Carter said he would have preferred to conduct a search for a new general manager, which Cunningham could have participated in. But with the instability of GRU and continued political maneuverings, Carter said the recruitment firms he spoke with don’t believe the utility would get quality candidates.  

Carter said GRU needs an interim to push through the next year or more before conducting a search for a permanent general manager.  

On Monday, Carter questioned the independence of the GRU Authority, asking fellow members if the plan was simply to fulfill Tallahassee’s wishes.  

In May, State Rep. Chuck Clemons, R-Newberry, called on the new board to “make the hard decisions that will save our utility.” He included three actions: bring in a new general manager, not negotiate with the city, and focus decisions on helping GRU ratepayers. 

During Cunningham’s farewell at the end of the meeting, he and Carter both teared up with emotion.  

“You started crying first, so that was a little rough,” Cunningham said.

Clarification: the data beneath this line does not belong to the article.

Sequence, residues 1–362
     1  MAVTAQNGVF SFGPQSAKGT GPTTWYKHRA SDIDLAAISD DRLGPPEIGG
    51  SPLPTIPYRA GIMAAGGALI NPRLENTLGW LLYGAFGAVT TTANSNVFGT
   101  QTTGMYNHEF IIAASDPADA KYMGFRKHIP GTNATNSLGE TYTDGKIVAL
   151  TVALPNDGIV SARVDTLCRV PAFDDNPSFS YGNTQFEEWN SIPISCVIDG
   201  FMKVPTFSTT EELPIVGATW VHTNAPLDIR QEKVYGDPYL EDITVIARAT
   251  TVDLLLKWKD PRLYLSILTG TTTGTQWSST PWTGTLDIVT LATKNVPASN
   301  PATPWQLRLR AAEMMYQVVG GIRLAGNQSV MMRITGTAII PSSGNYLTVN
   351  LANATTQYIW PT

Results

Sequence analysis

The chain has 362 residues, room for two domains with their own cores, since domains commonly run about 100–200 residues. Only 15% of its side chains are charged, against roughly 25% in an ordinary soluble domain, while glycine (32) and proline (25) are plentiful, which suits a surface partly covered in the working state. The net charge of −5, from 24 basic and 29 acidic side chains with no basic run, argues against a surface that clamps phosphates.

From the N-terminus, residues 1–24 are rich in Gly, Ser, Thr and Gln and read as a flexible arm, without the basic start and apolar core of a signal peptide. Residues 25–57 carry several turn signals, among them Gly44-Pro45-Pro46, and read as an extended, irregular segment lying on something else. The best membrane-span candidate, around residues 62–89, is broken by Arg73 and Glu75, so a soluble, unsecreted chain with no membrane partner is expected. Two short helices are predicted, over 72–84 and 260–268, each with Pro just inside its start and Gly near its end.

Cunningham asked the GRU Authority to provide stability for the utility, calling it essential for employee retention. He also reminded the board that the utility’s work is not about any individual, nor is any budget the creation of a single person. 

He said utility workers often lack praise and recognition from the community. Cunningham said many times that praise comes from fellow employees in the middle of all the noise surrounding the utility.    

He said he had a strong opinion that locally owned and operated utilities are the best way to serve the community.  

“I think the reason is because you’re serving your family, you’re serving the hospital that your kids were born in, you’re serving friends,” Cunningham said. 

The next GRU Authority meeting is scheduled for June 26.